While there are indications that an informal arrangement was in place making DETI the lead implementing agent, DCENR had clear responsibilities under its agreement with SEUPB. Controls over project payments were further complicated by the appointment by DETI and DCENR of a managing agent, Western Connect, to provide technical, legal and financial expertise on the appraisal, selection and implementation of the measure.
Project assessment and appraisal
In June 2004, the first proposal submitted by Bytel was rejected for support. A revised application was assessed in July 2004 and narrowly passed the threshold required for funding of projects. There were a number of shortcomings in the appraisal.
- There were weaknesses in the definition of what was to be delivered by Bytel and a lack of clarity over the source and ownership of the assets required to deliver the project.
- There was little evidence in the appraisal to support project costs.
- A partnership between Bytel and a company called Aurora Telecom (Aurora), which the project proposal indicated was to contribute €7.8 million of value to the project, was viewed as critical to the project’s success. However, neither of the two Departments appear to have engaged with Aurora to confirm that a partnership existed between it and Bytel.
Change to project specification
Under the terms of the letter of offer from DETI and DCENR, Bytel was required to get approval from the two Departments for any significant project changes.
In December 2004, two months after the Departments issued their letter of offer, Aurora withdrew its offer of support from the project. By this time, €1.6 million had already been paid to Bytel. In September 2005, Bytel entered into an agreement with a company called Eircom UK under which Eircom UK would provide access to its existing infrastructure in Northern Ireland and, in exchange, Bytel would undertake to complete additional fibre cable laying in Northern Ireland.
This agreement changed the nature of the project from building a network on existing cables (infrastructure) to a project where Eircom UK delivered bandwidth (service). The effect of the agreement was also to reduce the total costs of the Bytel project by €4.8 million or 39%. Despite these changes, no review of the project or of the offer of grant support was carried out and no written approval was issued to proceed with the revised project.
Checking and authorising of grant claims
Service level agreements between SEUPB and the two Departments required that grant payments made by SEUPB to the project were based on claims that had been verified by the joint implementing agents and approved by them as eligible expenditure.
Between November 2004 and November 2005, Bytel submitted four grant claims totalling €4.3 million. The final claim — for €2.07 million — contained no back-up or verification evidence. Despite this, the claims were paid in full.
DCENR relied on DETI and on other advisors for assurance that expenditure claimed by the project promoter was valid, and considered that it had no role in this area. The approach taken by DCENR showed a lack of awareness of the risks in circumstances where it was placing reliance on others for assurance about the validity of payments and there was no evidence to show that it had put appropriate controls or checks in place.
Handling of allegations about the Bytel project
In June 2006, a director of Bytel made allegations to DETI regarding false accounting practices and withdrawal of funds which should have been ring fenced for the Bytel project. DETI conducted an internal investigation and concluded that no further action was necessary. However, DETI’s investigation was not sufficiently rigorous and independent and its finding was not supported by adequate evidence or supporting documentation.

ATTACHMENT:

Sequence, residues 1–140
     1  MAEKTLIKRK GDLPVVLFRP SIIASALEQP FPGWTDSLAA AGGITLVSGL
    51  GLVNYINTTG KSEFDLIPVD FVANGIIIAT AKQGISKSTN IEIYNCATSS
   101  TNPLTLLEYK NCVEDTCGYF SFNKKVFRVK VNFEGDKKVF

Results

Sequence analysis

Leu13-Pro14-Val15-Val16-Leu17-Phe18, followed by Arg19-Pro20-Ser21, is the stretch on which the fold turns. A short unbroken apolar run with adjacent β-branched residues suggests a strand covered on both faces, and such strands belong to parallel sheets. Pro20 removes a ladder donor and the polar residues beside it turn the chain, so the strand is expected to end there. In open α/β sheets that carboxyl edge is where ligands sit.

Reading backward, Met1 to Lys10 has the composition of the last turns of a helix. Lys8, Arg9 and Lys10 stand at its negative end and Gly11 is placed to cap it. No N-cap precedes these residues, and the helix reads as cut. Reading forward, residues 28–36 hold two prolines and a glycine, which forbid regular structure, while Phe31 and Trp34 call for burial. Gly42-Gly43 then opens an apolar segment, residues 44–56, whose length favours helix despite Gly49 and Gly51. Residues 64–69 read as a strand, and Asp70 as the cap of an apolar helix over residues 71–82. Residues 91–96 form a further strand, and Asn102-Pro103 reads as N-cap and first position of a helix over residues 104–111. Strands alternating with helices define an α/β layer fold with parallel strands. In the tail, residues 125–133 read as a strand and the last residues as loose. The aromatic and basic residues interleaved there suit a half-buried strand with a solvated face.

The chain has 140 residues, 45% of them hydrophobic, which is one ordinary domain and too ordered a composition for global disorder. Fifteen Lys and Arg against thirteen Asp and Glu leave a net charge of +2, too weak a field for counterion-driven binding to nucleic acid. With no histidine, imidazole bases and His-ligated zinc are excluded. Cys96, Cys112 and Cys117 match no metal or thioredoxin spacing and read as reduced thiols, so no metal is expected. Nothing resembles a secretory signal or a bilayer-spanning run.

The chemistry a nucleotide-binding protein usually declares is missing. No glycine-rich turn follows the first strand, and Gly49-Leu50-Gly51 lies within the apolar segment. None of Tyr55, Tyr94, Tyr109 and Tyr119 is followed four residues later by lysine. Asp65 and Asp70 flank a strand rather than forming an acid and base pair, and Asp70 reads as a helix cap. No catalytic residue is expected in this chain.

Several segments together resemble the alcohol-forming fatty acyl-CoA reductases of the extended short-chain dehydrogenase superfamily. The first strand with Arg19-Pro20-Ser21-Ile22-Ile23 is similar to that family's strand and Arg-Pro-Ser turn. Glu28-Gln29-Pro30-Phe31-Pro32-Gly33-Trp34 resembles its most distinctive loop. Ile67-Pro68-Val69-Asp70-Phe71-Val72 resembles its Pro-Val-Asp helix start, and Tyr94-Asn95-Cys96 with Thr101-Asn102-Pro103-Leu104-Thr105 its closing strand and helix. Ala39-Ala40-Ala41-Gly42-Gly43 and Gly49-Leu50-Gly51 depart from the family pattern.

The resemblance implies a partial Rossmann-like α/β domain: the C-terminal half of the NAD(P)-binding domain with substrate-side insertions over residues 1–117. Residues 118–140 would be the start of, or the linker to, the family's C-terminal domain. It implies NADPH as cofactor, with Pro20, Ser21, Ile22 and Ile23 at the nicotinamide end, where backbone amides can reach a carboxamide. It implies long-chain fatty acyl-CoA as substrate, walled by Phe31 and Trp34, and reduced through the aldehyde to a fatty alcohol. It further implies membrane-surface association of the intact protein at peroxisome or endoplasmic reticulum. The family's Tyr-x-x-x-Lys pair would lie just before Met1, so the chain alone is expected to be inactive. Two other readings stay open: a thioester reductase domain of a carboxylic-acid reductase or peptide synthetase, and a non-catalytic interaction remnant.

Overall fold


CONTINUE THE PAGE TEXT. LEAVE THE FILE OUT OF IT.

DCENR was made aware of the allegations by email from DETI in June 2006 and was encouraged by DETI to attend a meeting with the person who had made the allegations. No representative from DCENR attended the meeting, but it was provided with minutes of the meeting. Internal DCENR documents indicate that it was satisfied that DETI had checked that the Bytel claims were legitimate and that the project would deliver in accordance with the letter of offer.
In 2008, a whistleblower made further allegations about the project to the NIAO, which passed the allegations on to DETI for investigation. DETI commissioned an external review of the project which was completed in September 2009. The consultant found that DETI would probably be required to declare an irregularity to the EU in relation to the project. However, DCENR was only informed of an alleged irregularity in December 2010.
Subsequently, a further review of the project, commissioned by SEUPB on behalf of a committee of representatives of relevant departments, was carried out. The report, in March 2012, found that
- 97% (€4.2 million) of the €4.3 million paid to Bytel should not have been paid as it was based on ineligible expenditure
- the management of the project was inadequate in a number of respects including the authorisation of grant payments against expenditure which was clearly ineligible, or which became ineligible once the project changed or about which serious questions should have been asked
- there had been a failure to properly investigate the 2006 allegations and a failure to act in a timely way on the issues raised by the whistleblower in June 2008.
Communications between the implementing agents
Communications between DCENR and DETI, as joint implementing agents, were carried out on an ad hoc basis. This was inappropriate for an important inter-regional infrastructural project which was in receipt of grants of €4.3 million and for a sub-measure with an €8 million overall spend. The failure to put appropriate communication arrangements in place may have been a contributory factor to the poor sharing of information with DCENR by DETI.